As the province continues to find creative ways to address its housing crisis, some power may be given to cities to boost rental stocks through rental-only zoning.
In April, legislation was introduced to allow cities to create rental-only zones and to ensure existing rentals can’t be redeveloped for another use. If approved, the City of Richmond would need to consider how and if rental-only zoning would be an effective way to relieve some of the housing pressure in the community.
“We’re waiting to see what exactly happens with (the bill),” said Barry Konkin, manager of policy planning for the City of Richmond.
“This is an interesting opportunity for municipalities across the province...it’s very new. It’s not included at this stage in our work but we are reviewing it as we speak.”
Last week, at a one-day Regional Education, Networking & Tradeshow (RENT) hosted by the BC Non-Profit Housing Association, a lunchtime panel discussed whether rental-only zoning could bring housing affordability to cities and what challenges they might face. For Noha Sedky, a community planner for CitySpaces who spoke on the panel, there would be significant burden on city councils for rental-only zones to be successful.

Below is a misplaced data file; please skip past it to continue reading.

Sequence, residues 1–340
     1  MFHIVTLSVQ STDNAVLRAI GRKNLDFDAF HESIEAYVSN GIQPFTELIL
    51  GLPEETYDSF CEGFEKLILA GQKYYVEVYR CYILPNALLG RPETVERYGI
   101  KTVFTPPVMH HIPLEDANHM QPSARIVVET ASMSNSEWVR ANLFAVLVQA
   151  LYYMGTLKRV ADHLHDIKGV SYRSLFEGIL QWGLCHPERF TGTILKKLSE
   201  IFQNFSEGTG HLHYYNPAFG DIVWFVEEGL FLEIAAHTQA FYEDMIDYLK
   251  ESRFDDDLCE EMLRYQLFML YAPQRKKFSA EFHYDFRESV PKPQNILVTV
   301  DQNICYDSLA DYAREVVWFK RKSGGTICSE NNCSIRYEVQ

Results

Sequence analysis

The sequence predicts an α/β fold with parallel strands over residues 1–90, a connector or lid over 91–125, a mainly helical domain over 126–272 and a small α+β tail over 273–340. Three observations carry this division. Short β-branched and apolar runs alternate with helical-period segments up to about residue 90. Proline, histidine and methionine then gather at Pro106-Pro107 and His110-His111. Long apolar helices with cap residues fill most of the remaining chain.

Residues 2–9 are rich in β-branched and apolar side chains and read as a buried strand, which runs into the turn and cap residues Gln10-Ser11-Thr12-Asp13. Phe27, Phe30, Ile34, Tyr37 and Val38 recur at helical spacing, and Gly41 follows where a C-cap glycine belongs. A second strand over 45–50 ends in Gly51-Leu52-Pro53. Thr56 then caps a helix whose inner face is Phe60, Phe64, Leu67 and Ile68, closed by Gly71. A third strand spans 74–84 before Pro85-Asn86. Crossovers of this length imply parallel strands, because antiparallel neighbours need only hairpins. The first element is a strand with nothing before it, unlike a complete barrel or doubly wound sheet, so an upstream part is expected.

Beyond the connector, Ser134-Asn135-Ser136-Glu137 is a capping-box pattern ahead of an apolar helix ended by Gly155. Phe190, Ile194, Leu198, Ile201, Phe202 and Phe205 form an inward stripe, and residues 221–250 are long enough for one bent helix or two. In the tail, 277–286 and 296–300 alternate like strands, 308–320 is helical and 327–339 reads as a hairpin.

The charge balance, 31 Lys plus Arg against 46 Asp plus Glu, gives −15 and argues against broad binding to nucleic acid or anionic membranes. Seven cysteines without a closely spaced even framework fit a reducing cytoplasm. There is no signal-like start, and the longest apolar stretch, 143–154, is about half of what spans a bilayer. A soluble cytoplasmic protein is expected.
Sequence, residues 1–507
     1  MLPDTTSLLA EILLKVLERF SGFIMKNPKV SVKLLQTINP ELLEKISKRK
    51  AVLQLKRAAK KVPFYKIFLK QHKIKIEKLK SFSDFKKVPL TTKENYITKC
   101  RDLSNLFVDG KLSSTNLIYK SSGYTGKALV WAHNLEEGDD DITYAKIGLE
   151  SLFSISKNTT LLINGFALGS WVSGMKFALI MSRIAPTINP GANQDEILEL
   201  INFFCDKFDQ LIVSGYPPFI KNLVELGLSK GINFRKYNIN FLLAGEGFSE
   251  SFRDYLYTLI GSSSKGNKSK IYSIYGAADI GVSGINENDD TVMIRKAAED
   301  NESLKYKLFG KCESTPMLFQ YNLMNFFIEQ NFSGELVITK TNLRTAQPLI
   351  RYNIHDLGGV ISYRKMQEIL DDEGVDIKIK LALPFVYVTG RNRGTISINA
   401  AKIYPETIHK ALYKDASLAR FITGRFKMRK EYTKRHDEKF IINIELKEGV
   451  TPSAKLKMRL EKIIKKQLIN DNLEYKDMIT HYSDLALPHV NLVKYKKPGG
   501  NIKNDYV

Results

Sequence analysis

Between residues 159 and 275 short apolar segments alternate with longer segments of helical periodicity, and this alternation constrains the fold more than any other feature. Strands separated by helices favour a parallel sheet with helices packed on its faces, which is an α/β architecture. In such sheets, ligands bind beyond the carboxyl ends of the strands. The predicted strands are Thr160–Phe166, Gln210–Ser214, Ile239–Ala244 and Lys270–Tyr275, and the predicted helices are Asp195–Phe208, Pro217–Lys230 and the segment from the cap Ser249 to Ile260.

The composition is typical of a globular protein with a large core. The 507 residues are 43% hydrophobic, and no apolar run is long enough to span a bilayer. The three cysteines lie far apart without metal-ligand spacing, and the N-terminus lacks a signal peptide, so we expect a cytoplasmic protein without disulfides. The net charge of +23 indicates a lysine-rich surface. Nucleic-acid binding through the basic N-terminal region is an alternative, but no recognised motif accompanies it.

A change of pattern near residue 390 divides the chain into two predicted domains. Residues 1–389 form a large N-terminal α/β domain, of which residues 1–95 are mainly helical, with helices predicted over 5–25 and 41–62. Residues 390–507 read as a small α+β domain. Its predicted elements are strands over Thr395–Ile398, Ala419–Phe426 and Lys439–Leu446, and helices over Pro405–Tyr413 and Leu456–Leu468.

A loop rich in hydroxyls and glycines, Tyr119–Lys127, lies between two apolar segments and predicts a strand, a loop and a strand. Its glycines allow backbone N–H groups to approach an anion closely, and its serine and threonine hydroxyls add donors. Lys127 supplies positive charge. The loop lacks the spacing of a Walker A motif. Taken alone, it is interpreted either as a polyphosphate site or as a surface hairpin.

“The biggest risk is going to be that lobby and that pressure on council that prevents it from going ahead because that can be quite significant,” Sedky said during the panel.
“I’m sure there’s going to be a lot of pushback from the development community,” she said, adding that there would need to be “champions on council and leadership on the planning departments” for rental-only zoning to be implemented successfully.
To appease developers, Sedky said it might be necessary to “think of an incentive approach to support or facilitate it, but that’s going to differ from one place to another.”
For Selina Robinson, provincial housing minister, it’s those local governments who know what their city needs.
“(They’re) are on the front lines of the housing crisis, so they’re well positioned to guide the right types of housing to meet the needs of their residents,” said Robinson in a press release.
Even so, Konkin said it’s too early to tell what rental-only zoning could look like in Richmond.
“We would have to look at it very carefully, explore any negative implications or any positives for the community,” he said. “We would work closely with industry, with the public and any interested parties to see if it actually had any opportunity to work.”
Konkin said that the city’s market rental strategy, which will be heading to council this summer, may provide insight into how council would handle a rental-only zoning option with developers.
“To get rental housing, there’s a couple of different approaches that you can take, one being incentive-based, one being mandatory. Council will give us their direction hopefully this summer in which approach they want to take,” he said. “That would likely be applicable to using this kind of zoning.
“It’s one thing to say ‘do it,’ but developers clearly have concerns in the implications.”